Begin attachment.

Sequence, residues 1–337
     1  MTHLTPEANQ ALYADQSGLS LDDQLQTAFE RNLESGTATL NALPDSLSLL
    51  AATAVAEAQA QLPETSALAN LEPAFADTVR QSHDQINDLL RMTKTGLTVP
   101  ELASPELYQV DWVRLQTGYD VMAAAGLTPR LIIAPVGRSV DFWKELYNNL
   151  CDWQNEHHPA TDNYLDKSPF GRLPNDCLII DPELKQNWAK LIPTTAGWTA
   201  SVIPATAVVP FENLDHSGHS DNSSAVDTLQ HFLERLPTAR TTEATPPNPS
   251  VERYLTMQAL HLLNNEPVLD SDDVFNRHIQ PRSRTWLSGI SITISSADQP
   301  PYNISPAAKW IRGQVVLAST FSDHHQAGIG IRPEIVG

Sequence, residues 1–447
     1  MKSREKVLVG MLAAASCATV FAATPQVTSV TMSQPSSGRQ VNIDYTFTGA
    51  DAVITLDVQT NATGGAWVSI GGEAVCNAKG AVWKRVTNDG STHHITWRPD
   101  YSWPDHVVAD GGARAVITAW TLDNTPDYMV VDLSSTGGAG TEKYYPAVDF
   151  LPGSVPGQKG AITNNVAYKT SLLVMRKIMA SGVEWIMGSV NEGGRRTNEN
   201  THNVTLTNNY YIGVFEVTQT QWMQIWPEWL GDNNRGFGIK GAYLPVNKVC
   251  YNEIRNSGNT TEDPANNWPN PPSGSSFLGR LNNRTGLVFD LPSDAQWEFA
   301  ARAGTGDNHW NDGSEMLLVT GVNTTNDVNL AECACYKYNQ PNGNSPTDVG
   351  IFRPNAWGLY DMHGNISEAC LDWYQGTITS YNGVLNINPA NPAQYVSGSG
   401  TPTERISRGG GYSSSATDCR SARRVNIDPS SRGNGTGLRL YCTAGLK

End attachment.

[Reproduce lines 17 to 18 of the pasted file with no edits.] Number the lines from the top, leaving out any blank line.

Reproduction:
   351  IFRPNAWGLY DMHGNISEAC LDWYQGTITS YNGVLNINPA NPAQYVSGSG
   401  TPTERISRGG GYSSSATDCR SARRVNIDPS SRGNGTGLRL YCTAGLK